September 30th), the Division of Financial Services in the Office
of the Clerk & Comptroller spends several months preparing the
Comprehensive Annual Financial Report (CAFR) in accordance
with the statutes of the State of Florida and the guidelines
established by the Governmental Accounting Standards Board
(GASB). In 2012, for the 30th consecutive year, Pasco County
was recognized for its excellence in financial reporting by the
Government Finance Officers Association of the United States
and Canada. This award showcases our commitment to you, the
citizens of Pasco County.
In order to be truly comprehensive, the CAFR typically totals
about 200 pages. While it is unquestionably an essential part of
fulfilling our responsibility to report how Pasco County’s funds
are being managed, it is not casual reading material. This Popular
Annual Financial Report (PAFR) presents key information from
the CAFR in an easily understandable format. Our hope is that
this PAFR will assist the citizens of Pasco County in better
understanding how their county government manages its
finances.
Readers desiring more detailed information on a given topic
may refer to the FY 2013 CAFR and other financial reports on
the Clerk and Comptroller’s website, www.pascoclerk.com,
under the Finance tab.
Because this PAFR is a summary, it does not conform with
generally accepted accounting principles and reporting
requirements for government entities. The activities of the Pasco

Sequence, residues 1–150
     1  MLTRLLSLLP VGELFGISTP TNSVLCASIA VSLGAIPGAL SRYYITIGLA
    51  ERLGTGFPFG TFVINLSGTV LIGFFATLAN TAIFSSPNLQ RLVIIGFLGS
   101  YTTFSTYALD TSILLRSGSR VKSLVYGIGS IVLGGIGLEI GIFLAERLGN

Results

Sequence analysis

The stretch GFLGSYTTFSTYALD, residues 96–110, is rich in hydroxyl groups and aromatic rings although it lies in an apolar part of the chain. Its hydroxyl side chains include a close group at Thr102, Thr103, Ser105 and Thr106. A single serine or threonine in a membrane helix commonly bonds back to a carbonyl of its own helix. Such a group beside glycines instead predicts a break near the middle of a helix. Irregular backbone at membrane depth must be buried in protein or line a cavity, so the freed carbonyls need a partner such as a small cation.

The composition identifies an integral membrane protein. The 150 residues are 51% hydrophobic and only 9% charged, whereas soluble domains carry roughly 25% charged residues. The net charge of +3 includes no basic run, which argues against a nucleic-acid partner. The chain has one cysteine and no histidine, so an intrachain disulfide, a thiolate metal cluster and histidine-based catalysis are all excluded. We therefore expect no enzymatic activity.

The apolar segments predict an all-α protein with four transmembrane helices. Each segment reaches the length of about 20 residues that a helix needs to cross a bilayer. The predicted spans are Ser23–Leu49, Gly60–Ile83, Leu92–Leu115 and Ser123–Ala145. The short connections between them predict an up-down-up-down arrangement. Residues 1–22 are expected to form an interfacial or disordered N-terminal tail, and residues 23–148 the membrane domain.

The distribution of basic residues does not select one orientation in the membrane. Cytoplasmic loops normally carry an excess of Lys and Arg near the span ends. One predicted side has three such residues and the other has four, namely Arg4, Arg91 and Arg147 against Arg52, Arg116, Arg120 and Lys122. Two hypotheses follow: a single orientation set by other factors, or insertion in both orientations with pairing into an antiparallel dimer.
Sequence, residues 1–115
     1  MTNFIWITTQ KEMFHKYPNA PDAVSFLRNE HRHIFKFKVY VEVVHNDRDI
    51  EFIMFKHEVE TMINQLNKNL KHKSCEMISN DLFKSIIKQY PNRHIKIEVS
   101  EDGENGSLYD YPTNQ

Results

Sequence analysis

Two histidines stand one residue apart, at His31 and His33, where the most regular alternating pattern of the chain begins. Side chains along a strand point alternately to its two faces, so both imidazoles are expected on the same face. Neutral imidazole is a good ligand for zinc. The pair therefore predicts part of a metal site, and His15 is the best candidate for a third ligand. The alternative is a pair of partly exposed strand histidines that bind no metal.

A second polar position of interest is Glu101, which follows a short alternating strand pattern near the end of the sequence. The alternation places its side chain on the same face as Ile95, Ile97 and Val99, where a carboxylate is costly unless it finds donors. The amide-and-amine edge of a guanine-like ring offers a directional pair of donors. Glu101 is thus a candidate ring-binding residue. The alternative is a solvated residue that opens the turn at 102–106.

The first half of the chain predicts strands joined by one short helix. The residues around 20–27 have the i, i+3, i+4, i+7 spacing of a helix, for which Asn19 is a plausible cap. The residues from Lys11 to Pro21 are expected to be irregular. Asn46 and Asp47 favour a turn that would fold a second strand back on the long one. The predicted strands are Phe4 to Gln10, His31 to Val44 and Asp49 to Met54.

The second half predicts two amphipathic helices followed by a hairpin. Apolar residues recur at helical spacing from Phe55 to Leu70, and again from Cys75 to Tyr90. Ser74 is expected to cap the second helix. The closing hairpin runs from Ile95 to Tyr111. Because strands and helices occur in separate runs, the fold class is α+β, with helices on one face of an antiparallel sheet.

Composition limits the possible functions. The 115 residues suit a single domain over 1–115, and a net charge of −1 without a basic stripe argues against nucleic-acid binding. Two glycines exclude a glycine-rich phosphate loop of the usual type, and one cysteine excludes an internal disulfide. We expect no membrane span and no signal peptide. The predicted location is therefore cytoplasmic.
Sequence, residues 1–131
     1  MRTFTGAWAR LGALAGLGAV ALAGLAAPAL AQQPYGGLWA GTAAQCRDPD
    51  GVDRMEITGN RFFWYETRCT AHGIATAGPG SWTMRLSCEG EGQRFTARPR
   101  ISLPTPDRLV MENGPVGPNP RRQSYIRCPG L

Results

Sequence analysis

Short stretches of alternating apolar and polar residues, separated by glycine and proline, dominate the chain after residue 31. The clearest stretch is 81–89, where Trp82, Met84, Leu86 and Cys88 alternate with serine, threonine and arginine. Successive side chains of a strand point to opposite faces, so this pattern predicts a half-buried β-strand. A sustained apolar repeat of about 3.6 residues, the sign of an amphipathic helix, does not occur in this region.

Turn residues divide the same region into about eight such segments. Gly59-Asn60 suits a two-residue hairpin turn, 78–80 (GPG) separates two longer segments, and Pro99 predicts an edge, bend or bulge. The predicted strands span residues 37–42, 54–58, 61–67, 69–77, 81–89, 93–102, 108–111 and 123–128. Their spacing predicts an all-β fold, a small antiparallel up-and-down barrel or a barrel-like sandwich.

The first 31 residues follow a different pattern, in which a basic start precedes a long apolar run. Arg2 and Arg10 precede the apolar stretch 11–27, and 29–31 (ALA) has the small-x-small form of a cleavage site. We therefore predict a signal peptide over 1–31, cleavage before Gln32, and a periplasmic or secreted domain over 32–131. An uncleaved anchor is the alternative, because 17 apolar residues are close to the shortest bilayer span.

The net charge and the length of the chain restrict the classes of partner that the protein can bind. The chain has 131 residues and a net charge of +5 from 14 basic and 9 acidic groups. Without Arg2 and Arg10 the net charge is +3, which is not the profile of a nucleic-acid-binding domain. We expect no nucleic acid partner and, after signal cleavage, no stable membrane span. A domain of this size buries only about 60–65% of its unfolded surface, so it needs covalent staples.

County Housing Finance Authority, a discretely-presented
component unit of Pasco County, are not included in this report.
Governmental activities include activities of government
funded primarily through taxes, such as public safety,
court operations, public transportation, and culture and
recreation.
Business-type activities include activities of government,
funded primarily by charges for services, such as streetlighting, water and sewer service, and resource recovery.
Current, in accounting and finance, refers to periods of oneyear or less, also called “short-term.”
Non-current, in accounting and finance, refers to periods of
more than one year, also called “long-term.”
Assets are resources owned by Pasco County that are
expected to provide a future economic benefit, such as
vehicles, buildings, and land.
Liabilities are obligations of Pasco County such as the
payment of principal and interest on bond issues and
accrued employee vacation time.
Net position is the difference between Pasco County’s assets
and its liabilities; the county’s “net worth.” In business,
this is referred to as equity. We do not refer to it as
equity in government because governments do not have
owners, but net assets has the same meaning to a citizen
as equity does to a stockholder.
Restricted funds are reserved for a certain purpose and
cannot be used for anything else.
Unrestricted funds can be used for a variety of purposes.
Pasco County At-A-Glance